A Goods and Services Tax (Amendment) Bill was passed in Parliament on Nov. 19.
Singaporeans can expect to pay GST for overseas services in 2020, including that of digital services such as Netflix and Spotify.
This means that business-to-consumer services will have to register via an overseas vendor registration regime imposed on them.
Criteria for businesses to be taxed
Other companies providing video and music streaming services, mobile applications and software may also be affected.
According to the second reading speech on the Goods and Services Tax (Amendment) Bill by Second Minister for Finance Lawrence Wong, such companies will have to register if they meet the two-tier criteria of:
- Having a global annual turnover of S$1 million or more
- Making sales of digital services of at least S$100,000 to Singapore consumers.
The tax is expected to bring in an additional S$90 million of tax revenue every year.
This comes as part of new rules to protect local retailers, by ensuring "both imported and local services are treated on a level playing field and accorded the same GST treatment."
Reverse Charge mechanism
Between businesses, a "Reverse Charge mechanism" would be implemented instead.
Instead of having the business or company based overseas accounting for the GST, the GST for goods and services would be accounted for by the local importing company.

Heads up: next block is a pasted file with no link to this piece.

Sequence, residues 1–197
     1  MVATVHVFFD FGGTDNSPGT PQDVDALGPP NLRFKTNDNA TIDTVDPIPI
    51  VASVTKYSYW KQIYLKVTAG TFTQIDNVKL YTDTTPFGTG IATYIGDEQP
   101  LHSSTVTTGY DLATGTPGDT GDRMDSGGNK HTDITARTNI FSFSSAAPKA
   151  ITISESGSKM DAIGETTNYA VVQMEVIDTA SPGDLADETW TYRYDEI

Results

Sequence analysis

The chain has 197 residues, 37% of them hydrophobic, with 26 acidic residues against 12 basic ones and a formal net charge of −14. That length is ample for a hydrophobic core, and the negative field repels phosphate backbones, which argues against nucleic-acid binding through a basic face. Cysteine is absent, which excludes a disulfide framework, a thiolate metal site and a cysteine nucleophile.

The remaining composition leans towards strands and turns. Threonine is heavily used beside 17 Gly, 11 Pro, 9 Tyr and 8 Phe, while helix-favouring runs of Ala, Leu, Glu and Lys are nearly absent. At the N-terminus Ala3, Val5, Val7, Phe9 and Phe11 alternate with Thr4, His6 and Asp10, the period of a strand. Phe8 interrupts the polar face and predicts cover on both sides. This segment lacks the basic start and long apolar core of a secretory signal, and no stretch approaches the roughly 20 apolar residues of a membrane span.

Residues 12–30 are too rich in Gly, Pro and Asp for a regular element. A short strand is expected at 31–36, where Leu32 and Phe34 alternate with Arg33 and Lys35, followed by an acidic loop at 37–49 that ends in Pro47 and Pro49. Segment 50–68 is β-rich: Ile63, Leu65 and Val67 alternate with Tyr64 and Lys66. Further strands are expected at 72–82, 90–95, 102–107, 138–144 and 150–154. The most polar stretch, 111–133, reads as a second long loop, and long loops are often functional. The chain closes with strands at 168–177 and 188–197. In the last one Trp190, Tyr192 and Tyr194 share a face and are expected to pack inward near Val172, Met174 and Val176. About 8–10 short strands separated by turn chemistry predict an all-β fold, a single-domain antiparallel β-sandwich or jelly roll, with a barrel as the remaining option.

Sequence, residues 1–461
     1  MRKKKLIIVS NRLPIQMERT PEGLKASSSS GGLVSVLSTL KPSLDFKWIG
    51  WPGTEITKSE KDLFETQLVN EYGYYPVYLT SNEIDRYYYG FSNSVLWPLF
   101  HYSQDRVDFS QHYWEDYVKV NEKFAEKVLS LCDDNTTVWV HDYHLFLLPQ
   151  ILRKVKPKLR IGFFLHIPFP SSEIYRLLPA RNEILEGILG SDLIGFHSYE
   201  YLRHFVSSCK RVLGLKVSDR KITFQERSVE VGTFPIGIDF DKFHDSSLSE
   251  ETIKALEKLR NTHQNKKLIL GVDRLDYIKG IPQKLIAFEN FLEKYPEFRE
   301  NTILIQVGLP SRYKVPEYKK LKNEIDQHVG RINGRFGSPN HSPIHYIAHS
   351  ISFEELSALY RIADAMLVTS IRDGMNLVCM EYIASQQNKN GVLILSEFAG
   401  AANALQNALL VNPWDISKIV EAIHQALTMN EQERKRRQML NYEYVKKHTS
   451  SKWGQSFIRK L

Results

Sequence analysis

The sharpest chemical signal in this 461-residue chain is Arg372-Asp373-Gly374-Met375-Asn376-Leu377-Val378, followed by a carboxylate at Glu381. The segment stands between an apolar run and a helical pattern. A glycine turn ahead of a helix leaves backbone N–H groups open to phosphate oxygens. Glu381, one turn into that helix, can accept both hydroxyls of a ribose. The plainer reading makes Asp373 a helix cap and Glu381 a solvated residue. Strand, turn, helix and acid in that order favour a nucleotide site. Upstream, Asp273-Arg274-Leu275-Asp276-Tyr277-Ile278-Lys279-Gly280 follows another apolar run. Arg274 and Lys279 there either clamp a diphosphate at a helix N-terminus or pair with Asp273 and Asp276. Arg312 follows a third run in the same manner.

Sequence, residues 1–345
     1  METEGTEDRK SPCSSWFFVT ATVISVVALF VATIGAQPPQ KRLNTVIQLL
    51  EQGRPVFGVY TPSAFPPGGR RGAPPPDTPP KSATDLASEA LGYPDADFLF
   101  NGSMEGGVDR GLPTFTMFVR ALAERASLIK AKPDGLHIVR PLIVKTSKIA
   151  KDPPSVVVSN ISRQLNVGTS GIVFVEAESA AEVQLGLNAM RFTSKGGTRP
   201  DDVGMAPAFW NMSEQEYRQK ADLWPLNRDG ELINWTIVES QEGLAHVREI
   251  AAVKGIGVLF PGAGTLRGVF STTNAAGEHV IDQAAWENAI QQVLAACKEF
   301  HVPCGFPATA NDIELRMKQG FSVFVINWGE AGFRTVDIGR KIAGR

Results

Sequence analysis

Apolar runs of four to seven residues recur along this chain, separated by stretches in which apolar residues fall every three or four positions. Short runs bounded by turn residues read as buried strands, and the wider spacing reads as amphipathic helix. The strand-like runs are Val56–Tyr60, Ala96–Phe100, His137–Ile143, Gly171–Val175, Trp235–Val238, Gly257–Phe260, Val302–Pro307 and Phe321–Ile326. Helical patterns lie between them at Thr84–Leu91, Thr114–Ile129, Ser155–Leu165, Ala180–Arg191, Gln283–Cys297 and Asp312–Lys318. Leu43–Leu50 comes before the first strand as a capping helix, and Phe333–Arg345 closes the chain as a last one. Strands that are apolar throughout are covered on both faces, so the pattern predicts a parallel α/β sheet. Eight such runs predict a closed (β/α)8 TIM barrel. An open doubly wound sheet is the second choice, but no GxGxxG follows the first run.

This would not affect a large number of businesses, however, as businesses which can claim a full refund of the GST they incur on their purchases, including imported services would not have this mechanism applied to them.
It is slated to "affect mainly financial institutions and residential property developers" -- those who were unable to have a full GST refund in the first place.
How much more would I have to pay for my Netflix?
As per the Goods and Services Tax Act, the rate of GST would be 7 percent.
It was previously announced during Budget that GST would be raised to 9 percent some time 2021 and 2025.
Ong Teng Koon, an MP for the Marsiling-Yew Tee GRC voiced out in Parliament that this additional tax may impact those from lower-income groups.
Lower-income groups are going to be disadvantaged because they lack exposure to the digital world. Some digital services may also act as more affordable substitutes for physical services, for example, online learning and education and even online entertainment. The imposition of GST on such a imported digital services could reduce their consumption. It could price children from lower income families out of digital experiences, and such experiences are critical to survive and thrive in the world of industry 4.0.
In response, Wong said the following:
Mr Ong shared his concern on the digital divide. And that is indeed something all of us ought to be concerned about. There are several ways we are dealing with this, first we have in place a permanent GST voucher scheme, that provides annual assistance to citizens, this offsets GST expenses for many Singaporeans, especially retiree and lower income households.
We review the GST voucher scheme regularly, to ensure that there is adequate assistance for the lower income. Second, as Singapore becomes more connected, the government will also do more to ensure digital inclusion and accessibility...and of course, Singaporeans can use their SkillsFuture credit to offset course fees including for digital courses offered by online platforms.
More about the GST on online services:
Top image adapted via Netflix and Spotify
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